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Strategy, skill and patience

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PUYALLUP, Wash. - Tiffany Yazzie enjoys chess because it's fun and
challenging but also because it helps her basketball game. "You set up the
people where they should move ... especially the guard and defense," said
the 11-year-old who's been playing chess for two years now. Yazzie is one
of more than 30 students at Chief Leschi School who takes part in
after-school chess. "I like to play with people who are more advanced so I
can learn from them. I watch their moves."

Instructor Will McDaniels, or Mr. McD. as his students and staff know him,
has been offering the class through the Century 21 program for three years.
He's taught his six children how to play and is now coaching his
grandchildren and students at Chief Leschi. He's intrigued with the game
and sold on its value. "Chess causes thinking, teaches sportsmanship and
planning. It causes kids to read and is a great way to interact with kids
in school and at home," said McDaniels who's been playing chess for more
than 40 years.

Once a week students from third grade on up grab a snack, do homework and
then pull out their chess pieces. First there's a brief overview of the
previous week and then it's on to strategy, mate methods, learning to
control the center, piece values and other ways to develop good chess
techniques.

Fatima Salaam thinks the game is fun. "It's calm and relaxing. There are a
lot of rules. Some are easy and some are hard and you have to remember
them. It takes someone who's devoted and won't quit," said the sixth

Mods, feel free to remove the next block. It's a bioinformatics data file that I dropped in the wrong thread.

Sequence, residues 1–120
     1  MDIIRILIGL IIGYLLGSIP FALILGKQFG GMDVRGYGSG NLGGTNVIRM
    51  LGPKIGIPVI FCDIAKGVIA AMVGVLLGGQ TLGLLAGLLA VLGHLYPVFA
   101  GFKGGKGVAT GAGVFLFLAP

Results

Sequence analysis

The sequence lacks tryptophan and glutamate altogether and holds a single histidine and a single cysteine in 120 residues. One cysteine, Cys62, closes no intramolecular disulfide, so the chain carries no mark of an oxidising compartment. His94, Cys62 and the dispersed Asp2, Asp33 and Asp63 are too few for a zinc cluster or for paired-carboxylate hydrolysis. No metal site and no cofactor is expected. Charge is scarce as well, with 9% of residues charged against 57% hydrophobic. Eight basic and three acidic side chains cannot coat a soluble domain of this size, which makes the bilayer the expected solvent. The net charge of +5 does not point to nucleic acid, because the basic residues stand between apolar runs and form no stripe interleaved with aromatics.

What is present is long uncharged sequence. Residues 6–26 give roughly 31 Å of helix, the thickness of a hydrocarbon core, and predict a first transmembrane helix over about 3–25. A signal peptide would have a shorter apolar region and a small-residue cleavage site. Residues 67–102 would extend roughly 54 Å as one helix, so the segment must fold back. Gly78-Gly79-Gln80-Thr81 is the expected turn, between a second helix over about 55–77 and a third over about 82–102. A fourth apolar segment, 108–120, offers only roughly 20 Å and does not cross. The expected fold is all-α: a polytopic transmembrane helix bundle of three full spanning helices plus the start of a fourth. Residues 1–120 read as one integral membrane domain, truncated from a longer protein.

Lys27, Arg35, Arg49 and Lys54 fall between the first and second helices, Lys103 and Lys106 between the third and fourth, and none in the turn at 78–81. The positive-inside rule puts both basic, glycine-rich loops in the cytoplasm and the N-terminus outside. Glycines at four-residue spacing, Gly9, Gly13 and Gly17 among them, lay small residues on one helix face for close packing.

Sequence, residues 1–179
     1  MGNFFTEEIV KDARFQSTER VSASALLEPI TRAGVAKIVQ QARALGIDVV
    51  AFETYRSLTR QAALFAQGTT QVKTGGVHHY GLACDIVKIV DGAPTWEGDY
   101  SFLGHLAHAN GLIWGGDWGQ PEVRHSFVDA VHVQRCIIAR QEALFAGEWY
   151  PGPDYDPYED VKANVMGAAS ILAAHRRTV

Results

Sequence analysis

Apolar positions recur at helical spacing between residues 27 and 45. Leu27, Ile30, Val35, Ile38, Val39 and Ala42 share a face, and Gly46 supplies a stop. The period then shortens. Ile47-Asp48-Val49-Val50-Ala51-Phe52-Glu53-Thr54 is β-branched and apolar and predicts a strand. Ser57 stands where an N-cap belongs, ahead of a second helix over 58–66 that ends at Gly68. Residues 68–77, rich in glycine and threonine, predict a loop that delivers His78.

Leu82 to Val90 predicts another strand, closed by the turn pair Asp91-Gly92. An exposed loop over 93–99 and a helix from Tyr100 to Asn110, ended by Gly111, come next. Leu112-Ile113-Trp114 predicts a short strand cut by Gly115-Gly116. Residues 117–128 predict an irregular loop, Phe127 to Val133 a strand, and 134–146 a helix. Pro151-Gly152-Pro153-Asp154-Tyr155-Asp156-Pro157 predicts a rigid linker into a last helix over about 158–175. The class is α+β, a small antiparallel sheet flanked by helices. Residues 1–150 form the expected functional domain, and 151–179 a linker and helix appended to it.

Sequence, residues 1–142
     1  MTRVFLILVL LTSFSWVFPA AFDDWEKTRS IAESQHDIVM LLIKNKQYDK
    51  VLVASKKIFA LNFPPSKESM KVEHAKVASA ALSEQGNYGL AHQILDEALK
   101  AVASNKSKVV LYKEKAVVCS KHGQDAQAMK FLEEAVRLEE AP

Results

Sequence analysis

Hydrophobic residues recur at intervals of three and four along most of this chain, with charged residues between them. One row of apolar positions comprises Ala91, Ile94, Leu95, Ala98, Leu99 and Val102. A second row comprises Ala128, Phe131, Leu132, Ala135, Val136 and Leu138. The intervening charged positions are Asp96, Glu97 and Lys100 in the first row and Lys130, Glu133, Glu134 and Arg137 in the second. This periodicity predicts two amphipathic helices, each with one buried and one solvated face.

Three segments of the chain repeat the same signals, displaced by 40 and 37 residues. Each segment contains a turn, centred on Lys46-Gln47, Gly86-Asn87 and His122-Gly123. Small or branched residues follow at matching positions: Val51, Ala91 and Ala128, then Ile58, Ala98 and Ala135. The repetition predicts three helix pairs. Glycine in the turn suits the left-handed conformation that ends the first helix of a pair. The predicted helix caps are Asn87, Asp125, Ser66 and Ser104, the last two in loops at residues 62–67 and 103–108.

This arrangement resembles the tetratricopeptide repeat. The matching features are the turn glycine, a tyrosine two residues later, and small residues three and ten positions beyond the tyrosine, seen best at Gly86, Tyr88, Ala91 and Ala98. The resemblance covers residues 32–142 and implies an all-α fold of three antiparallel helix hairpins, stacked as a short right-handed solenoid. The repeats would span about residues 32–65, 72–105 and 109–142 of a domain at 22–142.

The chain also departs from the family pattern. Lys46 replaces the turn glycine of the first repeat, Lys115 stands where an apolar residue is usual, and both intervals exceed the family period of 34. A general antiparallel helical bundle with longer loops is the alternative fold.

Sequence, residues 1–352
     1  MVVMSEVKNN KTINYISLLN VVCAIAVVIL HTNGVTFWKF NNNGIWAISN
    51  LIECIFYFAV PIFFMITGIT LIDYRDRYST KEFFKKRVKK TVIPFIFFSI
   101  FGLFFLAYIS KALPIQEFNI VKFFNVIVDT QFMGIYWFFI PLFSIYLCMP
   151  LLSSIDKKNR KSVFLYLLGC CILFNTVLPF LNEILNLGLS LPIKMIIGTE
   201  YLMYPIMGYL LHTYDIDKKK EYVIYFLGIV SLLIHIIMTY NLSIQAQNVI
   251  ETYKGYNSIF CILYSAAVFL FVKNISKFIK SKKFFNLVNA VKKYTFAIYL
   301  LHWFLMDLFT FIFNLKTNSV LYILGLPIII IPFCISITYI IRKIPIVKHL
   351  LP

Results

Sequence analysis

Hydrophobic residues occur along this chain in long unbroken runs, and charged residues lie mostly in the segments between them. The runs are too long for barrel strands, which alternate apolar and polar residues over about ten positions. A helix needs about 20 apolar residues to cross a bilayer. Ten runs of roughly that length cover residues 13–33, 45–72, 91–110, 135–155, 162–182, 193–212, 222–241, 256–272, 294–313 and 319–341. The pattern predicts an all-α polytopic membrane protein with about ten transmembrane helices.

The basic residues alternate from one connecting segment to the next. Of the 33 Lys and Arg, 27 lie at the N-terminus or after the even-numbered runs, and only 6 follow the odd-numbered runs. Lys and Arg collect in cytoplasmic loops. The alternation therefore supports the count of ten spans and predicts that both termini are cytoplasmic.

grader.

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Kids set up their chess pieces at desks or sprawl out on the floor of
McDaniels' classroom to play. The atmosphere is reflective as students
study their rooks, pawns and knights and try to out move their opponent. "I
teach through repetition and they learn through play. Lecture is boring for
most so I let them play and try to correct mistakes as they happen,"
explained McDaniels.

The benefits of chess in education are well known. In one Texas study
elementary students who played chess showed twice the improvement of
non-chess players in reading and math on assessment tests. And, in a New
York City Schools' Chess Program it was found that "chess dramatically
improved the ability to think rationally, increased cognitive skills and
improved communication skills and aptitude in recognizing patterns."

McDaniels has noticed that at Chief Leschi as well. While studies have yet
to be done at the school he's convinced that chess develops students both
inside and outside the classroom. "The things that make a good player are
similar to the aspects that make a good student: The willingness to learn,
patience, the ability to change and to study," said McDaniels. "For parents
who play chess with their children the one-on-one time is invaluable."